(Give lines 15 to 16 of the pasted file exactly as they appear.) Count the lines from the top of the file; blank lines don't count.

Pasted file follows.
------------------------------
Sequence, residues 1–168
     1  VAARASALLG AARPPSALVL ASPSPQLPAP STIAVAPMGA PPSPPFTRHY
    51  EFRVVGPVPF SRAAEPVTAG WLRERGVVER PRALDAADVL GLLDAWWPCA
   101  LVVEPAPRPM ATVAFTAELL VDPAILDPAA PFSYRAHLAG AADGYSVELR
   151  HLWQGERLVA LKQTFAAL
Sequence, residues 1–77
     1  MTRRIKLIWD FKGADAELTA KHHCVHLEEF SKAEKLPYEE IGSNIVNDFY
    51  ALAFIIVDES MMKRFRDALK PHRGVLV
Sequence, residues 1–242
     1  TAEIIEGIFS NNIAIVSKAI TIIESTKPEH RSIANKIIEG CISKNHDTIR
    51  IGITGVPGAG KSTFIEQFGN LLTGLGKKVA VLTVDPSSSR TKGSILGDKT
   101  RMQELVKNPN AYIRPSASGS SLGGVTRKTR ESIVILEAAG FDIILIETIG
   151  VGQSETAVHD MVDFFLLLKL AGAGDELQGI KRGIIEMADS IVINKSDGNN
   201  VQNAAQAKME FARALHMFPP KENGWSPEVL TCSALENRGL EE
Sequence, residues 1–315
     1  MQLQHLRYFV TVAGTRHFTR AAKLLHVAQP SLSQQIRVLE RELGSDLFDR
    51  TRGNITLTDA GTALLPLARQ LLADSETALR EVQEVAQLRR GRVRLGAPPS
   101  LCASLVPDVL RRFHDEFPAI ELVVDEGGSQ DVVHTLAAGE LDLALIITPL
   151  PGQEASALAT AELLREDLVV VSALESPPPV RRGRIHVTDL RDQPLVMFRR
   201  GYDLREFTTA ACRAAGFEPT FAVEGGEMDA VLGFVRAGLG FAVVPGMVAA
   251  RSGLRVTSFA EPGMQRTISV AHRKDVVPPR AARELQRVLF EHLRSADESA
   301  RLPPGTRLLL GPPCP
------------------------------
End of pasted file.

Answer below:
Sequence, residues 1–315
     1  MQLQHLRYFV TVAGTRHFTR AAKLLHVAQP SLSQQIRVLE RELGSDLFDR